c. 1915: Good Bread

by Rena

Good Bread - this book tells how to make good bread.

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c. 1915: Good Bread, This Book Tells How To Make Good Bread
Vinol Cod Liver advertising booklet


Sample Text

How to Have Good Bread
To Have Good Bread the Following Rules Must Be Observed

  • Use the best flour, it is the cheapest in the end.
  • Always sift flour or meal for bread twice.
  • Part milk and part water is preferable for mixing raised bread. If milk is used, scald it first and let it cool to blood heat before using. In winter the water or milk used in mixing should be lukewarm, and if the flour be kept in a cold place, warm it before using.
  • In summer the water need not be warmed, but the milk should be scalded and cooled.
  • To make biscuits crisp use water instead of milk for mixing and double the quantity of shortening.
  • Bread should be kneaded until perfectly smooth, and so elastic that an indentation made with the finger will instantly fill up again.
  • Bread should be double its bulk at the first rising in four hours, and in one hour at the second rising.
  • Bread should be dept in large tin boxes, or earthen jars which should be scaled frequently and, then dried in the sun.

White Raised Bread.

Sift two quarts of flour into a mixing bowl. Rub into the flour two tabespoonfuls of butter or lard until it is fine, like meal; add one scant tablespoonful of salt, and one tablespoonful of sugar. Draw the flour to the edges of the bowl leaving a hole in the middle with about two inches of flour covering the bottom of the bowl.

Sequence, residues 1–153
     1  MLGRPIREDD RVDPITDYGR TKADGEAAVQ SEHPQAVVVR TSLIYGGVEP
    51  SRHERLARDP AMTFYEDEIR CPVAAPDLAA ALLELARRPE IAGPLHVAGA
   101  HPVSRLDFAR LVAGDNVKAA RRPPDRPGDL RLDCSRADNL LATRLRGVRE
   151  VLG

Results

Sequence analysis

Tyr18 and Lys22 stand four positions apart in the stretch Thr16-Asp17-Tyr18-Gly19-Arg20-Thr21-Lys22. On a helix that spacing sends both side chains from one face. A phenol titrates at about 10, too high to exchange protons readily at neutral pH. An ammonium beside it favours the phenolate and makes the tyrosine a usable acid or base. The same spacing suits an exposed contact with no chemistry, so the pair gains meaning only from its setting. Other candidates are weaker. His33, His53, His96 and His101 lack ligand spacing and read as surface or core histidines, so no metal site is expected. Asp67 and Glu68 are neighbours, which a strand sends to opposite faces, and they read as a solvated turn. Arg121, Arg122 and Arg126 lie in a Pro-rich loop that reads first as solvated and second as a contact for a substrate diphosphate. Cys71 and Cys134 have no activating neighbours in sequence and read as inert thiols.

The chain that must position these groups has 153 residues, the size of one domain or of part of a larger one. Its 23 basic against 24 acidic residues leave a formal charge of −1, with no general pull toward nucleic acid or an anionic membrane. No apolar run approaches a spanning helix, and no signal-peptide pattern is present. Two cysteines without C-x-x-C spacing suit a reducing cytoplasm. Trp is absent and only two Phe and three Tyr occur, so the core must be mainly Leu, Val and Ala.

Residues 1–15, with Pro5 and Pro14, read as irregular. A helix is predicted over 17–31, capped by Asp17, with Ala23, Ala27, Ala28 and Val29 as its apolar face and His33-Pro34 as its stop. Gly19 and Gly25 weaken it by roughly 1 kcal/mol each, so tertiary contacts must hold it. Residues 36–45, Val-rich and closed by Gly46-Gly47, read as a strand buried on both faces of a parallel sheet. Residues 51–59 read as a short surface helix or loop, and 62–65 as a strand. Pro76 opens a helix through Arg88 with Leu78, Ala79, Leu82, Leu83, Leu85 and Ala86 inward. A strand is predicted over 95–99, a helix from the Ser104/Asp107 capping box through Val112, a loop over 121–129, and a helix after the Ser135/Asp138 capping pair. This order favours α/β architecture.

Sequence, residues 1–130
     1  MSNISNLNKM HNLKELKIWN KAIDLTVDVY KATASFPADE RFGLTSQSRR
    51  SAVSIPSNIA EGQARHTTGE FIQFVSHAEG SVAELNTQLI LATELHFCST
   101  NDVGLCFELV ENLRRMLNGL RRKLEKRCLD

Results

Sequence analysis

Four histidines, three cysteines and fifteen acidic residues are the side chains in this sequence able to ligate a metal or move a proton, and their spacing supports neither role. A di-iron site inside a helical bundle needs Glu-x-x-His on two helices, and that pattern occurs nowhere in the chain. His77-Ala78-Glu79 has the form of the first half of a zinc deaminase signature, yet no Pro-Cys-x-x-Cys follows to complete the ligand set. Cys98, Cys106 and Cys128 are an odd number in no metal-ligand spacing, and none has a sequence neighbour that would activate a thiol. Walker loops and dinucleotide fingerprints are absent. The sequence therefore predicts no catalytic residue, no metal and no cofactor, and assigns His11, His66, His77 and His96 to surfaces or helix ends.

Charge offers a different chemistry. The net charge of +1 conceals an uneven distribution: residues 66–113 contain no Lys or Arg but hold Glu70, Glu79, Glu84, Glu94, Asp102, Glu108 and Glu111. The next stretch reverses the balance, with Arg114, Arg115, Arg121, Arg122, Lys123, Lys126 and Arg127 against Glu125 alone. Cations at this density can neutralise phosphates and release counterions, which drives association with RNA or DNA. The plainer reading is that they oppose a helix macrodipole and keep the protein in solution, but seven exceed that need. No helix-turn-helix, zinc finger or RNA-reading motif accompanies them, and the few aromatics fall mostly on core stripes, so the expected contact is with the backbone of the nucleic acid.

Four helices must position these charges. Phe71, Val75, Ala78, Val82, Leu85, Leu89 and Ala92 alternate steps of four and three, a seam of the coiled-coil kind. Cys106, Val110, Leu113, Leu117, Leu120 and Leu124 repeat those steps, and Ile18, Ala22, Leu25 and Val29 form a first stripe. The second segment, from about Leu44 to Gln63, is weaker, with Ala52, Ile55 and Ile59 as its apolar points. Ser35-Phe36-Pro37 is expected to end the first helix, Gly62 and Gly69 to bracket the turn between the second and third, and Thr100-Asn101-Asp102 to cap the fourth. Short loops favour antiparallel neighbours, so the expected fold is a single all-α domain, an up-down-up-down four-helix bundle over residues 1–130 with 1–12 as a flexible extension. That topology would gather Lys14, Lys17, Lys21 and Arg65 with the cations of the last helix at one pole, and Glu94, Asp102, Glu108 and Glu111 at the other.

1900 Good Bread.

Dissolve thoroughly one cake of compressed yeast in a teacupful of lukewarm water, and pour the liquid into the hole in the flour. stir in the flour from the edges, adding sufficient lukewarm water, or milk and water mixed, to knead well. Knead for half an hour, then cover to exclude all air, and set to rise. When it is well risen, knead again for ten minutes, divide into loaves and put in well greased pans. Cover, and let it rise again to the top of the pans. Bake in a moderatly hot oven nearly one hour.

[Editor’s Note: Fresh Baker’s Yeast, or Compressed Yeast is often not available in supermarkets. Compressed Cake Yeast has a short shelf life. Pizza restaurants that make their own dough and bakeries often purchase fresh yeast cakes, if you’re daring enough to ask if you may buy a small block! Otherwise, here is a Red Star conversion table from cake yeast to dry yeast, and Red Star’s history of yeast.]

Original Booklet:

Original circa 1915 cookbook is available, Good Bread. $7.00. The cooking booklet is in fair condition, with chips and tears and pencil mark on cover, and inside brittle mellowed pages, with stains. All pages present. 32-pages. Click “Add to Cart.”

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